We complete the countdown of the top 20 Tiger trade pick-ups of the past 50 years with the player ranked No. 1 by our panel of experts - Ian Stewart.
It’s fair to say no trade in the history of league football has attracted more publicity than the one that saw then dual St Kilda Brownlow Medallist, Ian Stewart, join Richmond, in exchange for dual Tiger premiership player, Bill Barrot, at the end of 1970.
This was a swap that sent shock waves throughout the football world . . . two genuine superstars of the game, both brilliant centremen, who had achieved so much at their respective clubs, trading places.
For months, leading into the 1971 season, debate raged about which club would emerge the winner in the deal.
In the end, however, it was a no-brainer . . .
Barrot managed only two senior appearances for St Kilda and was subsequently cleared to Carlton before the midway mark of the ’71 season.
Stewart, by stark contrast, went on to have a huge impact at Tigerland, securing a third Brownlow Medal, in his debut season with the Club, a Jack Dyer Medal in the same year, and playing a pivotal role in Richmond’s 1973 premiership triumph.
To this day, Stewart is the only player in league football history to have achieved the feat of winning a Brownlow Medal, and being part of a premiership team, at two different clubs.
And, just for good measure, he also happens to be a member of both Richmond’s and St Kilda’s Team of the Century.
Initially, the Tigers’ decision to trade away a favorite son, ‘Bustling’ Billy Barrot, in return for Stewart, riled many Yellow and Black fans.
It didn’t, however, take long for Stewart to win them all over . . . his sublime skills making that a certainty.
Stewart was an outstanding kick with either foot, almost always hitting his target with pinpoint precision.
He also was an excellent mark for his size, had superb vision, balance, evasiveness, and enormous courage.
In short, he was one of the most complete players the game has ever seen.
Stewart’s display in Richmond’s 1973 Grand Final victory over Carlton, underlined his sheer class and bravery.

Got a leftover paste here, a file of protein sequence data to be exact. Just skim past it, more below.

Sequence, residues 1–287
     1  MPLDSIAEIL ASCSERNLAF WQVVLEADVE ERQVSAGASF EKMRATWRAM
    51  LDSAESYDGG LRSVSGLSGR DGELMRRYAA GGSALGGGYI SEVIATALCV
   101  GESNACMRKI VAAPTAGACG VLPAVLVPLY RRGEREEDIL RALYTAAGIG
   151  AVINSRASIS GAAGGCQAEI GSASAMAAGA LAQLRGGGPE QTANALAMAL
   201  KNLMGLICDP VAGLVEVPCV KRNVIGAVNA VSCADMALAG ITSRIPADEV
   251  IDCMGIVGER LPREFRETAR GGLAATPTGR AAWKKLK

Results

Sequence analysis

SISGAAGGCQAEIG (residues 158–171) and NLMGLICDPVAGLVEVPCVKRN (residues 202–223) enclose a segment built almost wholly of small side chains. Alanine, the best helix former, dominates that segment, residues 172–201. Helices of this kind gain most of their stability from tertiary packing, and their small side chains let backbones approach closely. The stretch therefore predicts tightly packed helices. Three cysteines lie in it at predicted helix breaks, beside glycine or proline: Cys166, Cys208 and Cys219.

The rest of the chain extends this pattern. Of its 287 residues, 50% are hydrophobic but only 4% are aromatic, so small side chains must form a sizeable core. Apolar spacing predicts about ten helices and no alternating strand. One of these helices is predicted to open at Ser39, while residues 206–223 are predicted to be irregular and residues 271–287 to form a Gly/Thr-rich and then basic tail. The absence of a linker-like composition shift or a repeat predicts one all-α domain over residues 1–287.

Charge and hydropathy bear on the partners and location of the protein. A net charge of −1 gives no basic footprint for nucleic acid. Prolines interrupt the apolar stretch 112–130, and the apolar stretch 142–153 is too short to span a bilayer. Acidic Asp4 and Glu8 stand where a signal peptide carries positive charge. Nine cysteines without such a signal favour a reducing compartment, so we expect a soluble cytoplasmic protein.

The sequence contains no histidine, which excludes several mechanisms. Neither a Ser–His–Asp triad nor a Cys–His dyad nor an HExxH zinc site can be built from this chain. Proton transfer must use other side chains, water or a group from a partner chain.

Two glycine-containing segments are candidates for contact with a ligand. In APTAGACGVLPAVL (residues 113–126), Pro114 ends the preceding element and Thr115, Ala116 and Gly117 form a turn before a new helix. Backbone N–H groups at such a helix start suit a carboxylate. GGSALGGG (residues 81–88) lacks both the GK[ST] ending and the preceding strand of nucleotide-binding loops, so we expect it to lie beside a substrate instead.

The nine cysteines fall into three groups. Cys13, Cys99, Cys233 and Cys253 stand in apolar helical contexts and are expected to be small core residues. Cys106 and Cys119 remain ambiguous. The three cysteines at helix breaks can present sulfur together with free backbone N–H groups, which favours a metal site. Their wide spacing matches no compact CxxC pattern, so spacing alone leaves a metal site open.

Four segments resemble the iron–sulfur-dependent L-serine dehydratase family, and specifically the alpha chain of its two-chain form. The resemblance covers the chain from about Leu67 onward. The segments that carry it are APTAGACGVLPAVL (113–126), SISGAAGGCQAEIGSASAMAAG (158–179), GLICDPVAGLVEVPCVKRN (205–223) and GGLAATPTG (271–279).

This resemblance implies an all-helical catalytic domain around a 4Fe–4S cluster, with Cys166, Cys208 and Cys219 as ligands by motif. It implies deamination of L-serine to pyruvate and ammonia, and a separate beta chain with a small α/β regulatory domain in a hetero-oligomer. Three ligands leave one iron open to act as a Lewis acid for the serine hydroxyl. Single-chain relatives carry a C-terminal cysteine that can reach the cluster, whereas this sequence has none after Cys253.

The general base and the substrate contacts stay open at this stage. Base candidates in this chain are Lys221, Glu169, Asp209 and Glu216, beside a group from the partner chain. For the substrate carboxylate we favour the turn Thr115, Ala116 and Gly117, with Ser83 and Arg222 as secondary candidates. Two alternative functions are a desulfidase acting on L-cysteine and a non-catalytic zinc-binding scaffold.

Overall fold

After copping a leg injury in the third quarter, Stewart was moved to a forward pocket, where, despite being severely restricted, he still managed to exert significant influence.
He kicked a couple of goals there, to finish with an equal-game high three goals, had 18 disposals, took five marks, and made the team’s best-players’ list on the most important football day of the year, as the Tigers gained sweet revenge for their shock loss to Carlton in the previous season’s Grand Final.
Richmond’s ‘Immortal’ coach, Tommy Hafey, had the pleasure of coaching Stewart throughout the champion centreman’s time at Tigerland. He was superbly succinct in his assessment of Stewart’s football talent . . .
“Ian Stewart was just a freak player. I don’t think I’ve ever seen courage displayed like what I saw with Ian Stewart so many times . . . he was an absolute superstar,” Hafey said.
Another Richmond ‘Immortal’, five-time premiership hero, Kevin Bartlett, in his book, “KB: A Life In Football”, also provided an apt snapshot of Ian Stewart’s playing ability . . .
“Ian was your purist’s centreman. He was a craftsman, who had lovely timing with his kicking, and I don’t think anyone his size has been a better mark,” Bartlett said.
“He was truly a legendary player, and I doubt you could name a better centreman to have ever played the game . . .
“He joined Richmond feeling he had a point to prove. He wanted to show St Kilda that he wasn’t washed up and he worked really hard to demonstrate that he wasn’t a poor trainer, which was the reputation he brought with him from Moorabbin.
“When he came to Richmond in 1971 I think it’s fair to say that he trained harder than he ever had.
"He was on a mission to re-establish himself as a star of the game . . .”
Mission accomplished - in wonderful style!
Ian Stewart profile
Playing weight: 78kg
Richmond trade history: Traded to the Tigers by St Kilda at the end of 1970 in exchange for Bill Barrot
Guernsey number at Richmond: No. 2
Debut at Richmond: Round 1, 1971 v Fitzroy, Junction Oval
Games at Richmond (1971-1975): 78
Goals at Richmond: 55
The full list:
20 - Ben Harrison
19 - Troy Simmonds
18 - Shaun Grigg
17 - Greg Stafford
16 - Greg Dear
15 - Ivan maric
14 - Peter Welsh
13 - Ricky McLean
12 - Michael Gale
11 - Nathan Brown
10 - Graeme Landy
9 - Leon Cameron
8 - Kane Johnson
7 - Mick Malthouse
6 - Wayne Walsh
5 - Robert McGhie
4 - Paul Broderick
3 - Paul Sproule
2 - Barry Rowlings
1 - Ian Stewart